Ramadan has always been a time for me to make new resolutions and reflect on the past so that I can grow as a person and transition into the New Year… Hopefully this article will serve as a helpful treatise of advice for those of you who are looking for some traction in your early twenties. When I told Omar Usman that the title of this article is “What I Learned at 21,” he smirked and said, “You learned absolutely nothing.” I nodded my head and agreed, and hence below you will see how I simply compiled what I learned that I don’t know. Enjoy!
1. You Don’t Know Anything and You Are Inexperienced – Accept it.
Our egos do a pretty good job of making us front like we are on top of our game. We rave about our creative ideas and ability to think outside-the-box, but the reality is that most of our ideas and outside-the-box thinking is useless if we haven’t worked a day in our lives. Bachelor’s degrees will simply help you think along a certain wavelength and give you the chance to show others (including your employers) that you are serious about yourself and getting ahead. Learn to work a bunch of random jobs during college to learn skills needed for your profession. Simple things such as learning to talk to people at a help desk, helping someone feel accomplished through tutoring, or working as a waiter will possibly take you a long way. Sometimes we are our own deceivers.
2. Understand Your Priorities as a Muslim.
There are some things in life which are more important than others; it’s a simple rule of thumb. When you can figure out what your priorities are and give them their due rights, life will begin to flow very naturally. If waking up in the morning has always proven difficult for you, understand that going to sleep early and praying Fajr on time in the morning takes priority over watching the season finale of Breaking Bad or Burn Notice. If you are at school the whole week and work at night time and get barely anytime with your family, be sure to set aside a generous amount of time on the weekend to spend time with your parents and siblings instead of spending the weekend at an Islamic weekend seminar. Your religion and family take priority over EVERYTHING else in your life.
3. Work Hard, Study Hard, Play Hard.
You better be REALLY good at whatever you want to do in life. Stop beating around the bush and give everything its due measure. When it is time to work, work. Work thoroughly through your tasks and leave no stone unturned. There is no substitute in life for natural hard work. Stop procrastinating with your studies if you are in college. Instead of hanging out in the MSA all week long and then cramming the night before for an exam, legitimately go study the material so you know it. Don’t make excuses, rather, learn for the sake of learning; you will not regret it. Learn to take breaks and have a good time. Don’t over play, but do it enough to get your head straight. Balance is key. Take vacations during the time you have off of school and go refresh yourself. Get away from all the stressful situations of your life and just go recuperate.. Know what you like to do for fun and go do it.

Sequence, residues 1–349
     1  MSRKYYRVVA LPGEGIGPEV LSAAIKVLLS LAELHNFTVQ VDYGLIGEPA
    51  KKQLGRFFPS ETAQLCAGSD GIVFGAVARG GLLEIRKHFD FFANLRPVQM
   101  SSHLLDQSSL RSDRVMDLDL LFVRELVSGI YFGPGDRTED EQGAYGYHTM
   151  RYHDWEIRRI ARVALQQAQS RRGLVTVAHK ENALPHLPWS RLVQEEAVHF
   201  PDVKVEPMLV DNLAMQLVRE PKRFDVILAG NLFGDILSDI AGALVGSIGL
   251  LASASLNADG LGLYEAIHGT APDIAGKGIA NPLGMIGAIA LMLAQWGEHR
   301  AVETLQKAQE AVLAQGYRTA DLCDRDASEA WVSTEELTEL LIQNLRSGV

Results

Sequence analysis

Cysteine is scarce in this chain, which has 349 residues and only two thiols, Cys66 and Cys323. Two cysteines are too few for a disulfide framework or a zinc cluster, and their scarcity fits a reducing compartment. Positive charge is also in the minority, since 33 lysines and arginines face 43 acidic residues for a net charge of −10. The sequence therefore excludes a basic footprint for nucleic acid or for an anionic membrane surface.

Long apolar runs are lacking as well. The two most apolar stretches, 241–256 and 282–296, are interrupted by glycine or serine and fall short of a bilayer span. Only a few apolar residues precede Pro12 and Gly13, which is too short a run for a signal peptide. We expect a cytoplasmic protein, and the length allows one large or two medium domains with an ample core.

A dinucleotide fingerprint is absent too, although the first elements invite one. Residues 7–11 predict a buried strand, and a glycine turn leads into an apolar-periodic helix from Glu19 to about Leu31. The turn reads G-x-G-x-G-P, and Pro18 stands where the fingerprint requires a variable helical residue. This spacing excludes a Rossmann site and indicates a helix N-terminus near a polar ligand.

4. Only Fools Take People’s Praise Seriously.
You will become negatively affected in your individual growth once you let the praise from other people settle into your heart. Taking things back to my first point, you will start your failure once you accept you are good to go. Not to mention there are many people out there who will simply praise you out of pity. If you are at that stage, then you better get your head straightened out and realize you have a whole life ahead of you before you get filled with a load of hot air. There is a difference between receiving a compliment, getting motivated after experiencing a low, and being taken for a ride by someone through their praises.
5. Success Starts with Financial Independence.
If you are not making your own halal money and working towards becoming independent of your parents then you are short from a path of success. Stop making excuses and intend to be free from being someone else’s financial burden. You probably will not be able to pay for your own rent initially, but you should be paying for your own gas, food, and other essentials. Help out around the house if you can with bills. Eventually wean yourself away from using anyone else’s money but your own. Again, the key is having the intention and working towards it; it’s a work in progress.